INDIANAPOLIS (WISH) — One of President Donald Trump’s four potential nominees for Supreme Court Justice has strong ties to Indiana: Judge Amy Coney Barrett of the U.S. Court of Appeals for the Seventh Circuit.
President Trump has announced he will make his nominee for the Supreme Court public at 9 p.m. ET Monday evening, putting to rest the rumors about who will take the place of retiring Justice Anthony Kennedy. Sources close to the matter say Trump is considering Brett Kavanaugh, Raymond Kethledge, Amul Thapar and Amy Coney Barrett.
“[Barrett] is a gifted writer, prolific writer. She’s a gifted professor. She gets high marks from students, and she clearly has the sort of background President Trump is looking for,” said Brian Paul, an appellate lawyer and partner at Faegre Baker Daniels firm in Indianapolis.
Paul specializes in appellate law and is familiar with Barrett’s role as one of 14 judges in the Chicago-based U.S. Court of Appeals for the Seventh Circuit. Barrett was nominated to that position last fall by Trump.
“She showed poise during her confirmation hearing. Calm,” said Paul. “Things that I think will translate well on the bench.”
Barrett is Catholic, 46 years old, a mother of seven children and a graduate of the Notre Dame Law School. According to online records at the University of Notre Dame, she has served as a professor there since 2002, teaching six different classes.
Paul said Barrett is an obvious conservative, old enough to be considered for the position, but young enough to serve on the court for a long time.
After law school, Barrett clerked for Associate Justice Antonin Scalia of the U.S. Supreme Court, then made her way back to South Bend to teach. She remains in South Bend as she serves on the U.S. Court of Appeals for the Seventh Circuit.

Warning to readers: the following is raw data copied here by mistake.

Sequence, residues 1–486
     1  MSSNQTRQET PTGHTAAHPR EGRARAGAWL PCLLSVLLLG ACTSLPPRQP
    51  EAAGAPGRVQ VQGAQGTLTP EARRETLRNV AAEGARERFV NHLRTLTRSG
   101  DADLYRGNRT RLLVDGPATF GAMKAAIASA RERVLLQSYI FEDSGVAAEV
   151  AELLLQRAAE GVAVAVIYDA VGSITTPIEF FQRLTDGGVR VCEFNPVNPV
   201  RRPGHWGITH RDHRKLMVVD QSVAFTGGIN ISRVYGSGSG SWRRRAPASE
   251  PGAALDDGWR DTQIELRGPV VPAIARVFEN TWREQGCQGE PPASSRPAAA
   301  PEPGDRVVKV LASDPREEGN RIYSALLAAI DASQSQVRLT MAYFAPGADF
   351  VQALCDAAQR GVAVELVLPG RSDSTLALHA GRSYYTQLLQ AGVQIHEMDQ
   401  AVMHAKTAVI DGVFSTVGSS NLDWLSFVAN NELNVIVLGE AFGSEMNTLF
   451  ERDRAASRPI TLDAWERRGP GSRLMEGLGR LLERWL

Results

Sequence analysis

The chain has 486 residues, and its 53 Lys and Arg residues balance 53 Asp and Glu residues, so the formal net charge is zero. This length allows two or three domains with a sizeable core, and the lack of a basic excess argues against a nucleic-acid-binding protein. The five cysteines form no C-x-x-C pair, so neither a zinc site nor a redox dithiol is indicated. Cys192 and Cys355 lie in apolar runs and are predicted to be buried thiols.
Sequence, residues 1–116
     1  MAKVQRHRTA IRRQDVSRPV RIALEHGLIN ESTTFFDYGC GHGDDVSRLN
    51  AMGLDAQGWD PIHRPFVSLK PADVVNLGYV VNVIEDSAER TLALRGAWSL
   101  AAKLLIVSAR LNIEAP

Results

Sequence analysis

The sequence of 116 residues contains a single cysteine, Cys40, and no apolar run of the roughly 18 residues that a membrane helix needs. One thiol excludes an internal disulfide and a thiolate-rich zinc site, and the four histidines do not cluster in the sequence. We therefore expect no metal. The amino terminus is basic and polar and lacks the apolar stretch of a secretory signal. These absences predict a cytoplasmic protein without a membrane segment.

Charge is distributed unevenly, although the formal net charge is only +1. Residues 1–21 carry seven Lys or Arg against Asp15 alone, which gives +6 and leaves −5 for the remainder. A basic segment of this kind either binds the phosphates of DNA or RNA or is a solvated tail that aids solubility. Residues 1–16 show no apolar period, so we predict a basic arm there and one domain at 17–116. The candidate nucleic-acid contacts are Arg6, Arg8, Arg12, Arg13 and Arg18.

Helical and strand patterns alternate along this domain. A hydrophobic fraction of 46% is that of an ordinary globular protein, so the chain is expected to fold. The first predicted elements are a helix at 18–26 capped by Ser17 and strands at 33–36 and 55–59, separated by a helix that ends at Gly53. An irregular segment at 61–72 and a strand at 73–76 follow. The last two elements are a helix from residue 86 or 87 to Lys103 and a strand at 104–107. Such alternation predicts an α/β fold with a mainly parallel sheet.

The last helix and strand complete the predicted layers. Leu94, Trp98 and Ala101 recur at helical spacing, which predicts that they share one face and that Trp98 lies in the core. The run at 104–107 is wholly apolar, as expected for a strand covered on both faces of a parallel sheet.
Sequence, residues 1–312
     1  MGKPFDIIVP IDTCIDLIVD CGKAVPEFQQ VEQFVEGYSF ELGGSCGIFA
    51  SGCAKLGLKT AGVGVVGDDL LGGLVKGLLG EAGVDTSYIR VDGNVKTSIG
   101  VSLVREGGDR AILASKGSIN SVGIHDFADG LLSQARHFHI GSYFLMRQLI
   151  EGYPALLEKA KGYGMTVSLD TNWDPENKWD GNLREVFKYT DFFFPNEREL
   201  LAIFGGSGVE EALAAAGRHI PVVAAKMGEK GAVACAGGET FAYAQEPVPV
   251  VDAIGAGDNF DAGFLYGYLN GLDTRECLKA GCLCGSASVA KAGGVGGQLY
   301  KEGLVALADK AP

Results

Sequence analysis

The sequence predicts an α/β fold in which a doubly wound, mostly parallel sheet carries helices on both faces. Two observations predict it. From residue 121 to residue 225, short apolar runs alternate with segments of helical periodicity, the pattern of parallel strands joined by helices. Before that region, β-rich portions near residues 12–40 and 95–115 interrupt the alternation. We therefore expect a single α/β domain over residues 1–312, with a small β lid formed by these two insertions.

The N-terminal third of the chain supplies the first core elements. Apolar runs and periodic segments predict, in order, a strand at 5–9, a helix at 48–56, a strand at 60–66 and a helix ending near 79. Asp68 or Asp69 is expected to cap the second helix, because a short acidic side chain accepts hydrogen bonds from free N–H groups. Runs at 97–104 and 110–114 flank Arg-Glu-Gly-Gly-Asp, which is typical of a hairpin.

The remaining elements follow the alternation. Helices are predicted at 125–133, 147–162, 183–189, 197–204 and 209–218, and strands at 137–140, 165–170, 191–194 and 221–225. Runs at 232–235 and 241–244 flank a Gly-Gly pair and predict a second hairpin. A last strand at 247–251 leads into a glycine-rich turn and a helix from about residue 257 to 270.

“She spent most of her career as a professor, basically straight out of law school and clerking in the Supreme Court,” said Gerard Magliocca, the Samuel R. Rosen professor at the Indiana University Robert H. McKinney School of Law. “She’s been at Notre Dame Law School teaching, and she’s only been a judge for about a year.”
Magliocca said that while having a resume strong in academics doesn’t lower her qualifications to serve on the Supreme Court, it does differ from other justices who have more experience in the courtroom, as opposed to the classroom. Paul pointed out that other Supreme Court justices have backgrounds in academia.
Another aspect of Barrett’s background that stands out: She does not hold an Ivy League law degree.
“All of the current Supreme Court justices went either to Harvard or Yale for law school,” said Magliocca,”and there are a lot of law schools in the United States, and some of them have different perspectives.”
Magliocca said it might be refreshing to bring another point of view to the nation’s highest court. Barrett does not appear to have deep ties to Washington, unlike other potential nominees.
“I think it’s just simply good politics at this point in history to nominate a woman to the Supreme Court,” said Paul. “A Republican president hasn’t nominated a female to the Supreme Court since Sandra Day O’Connor in the early 1980s.”
As for her outlook for confirmation, both Paul and Magliocca agreed Barrett’s path would be clear. Barrett won over three Democrats during her appellate court confirmation in 2017. As long as Republicans vote along party lines, and nothing embarrassing surfaces during her hearing, Barrett would receive the necessary votes, according to Paul.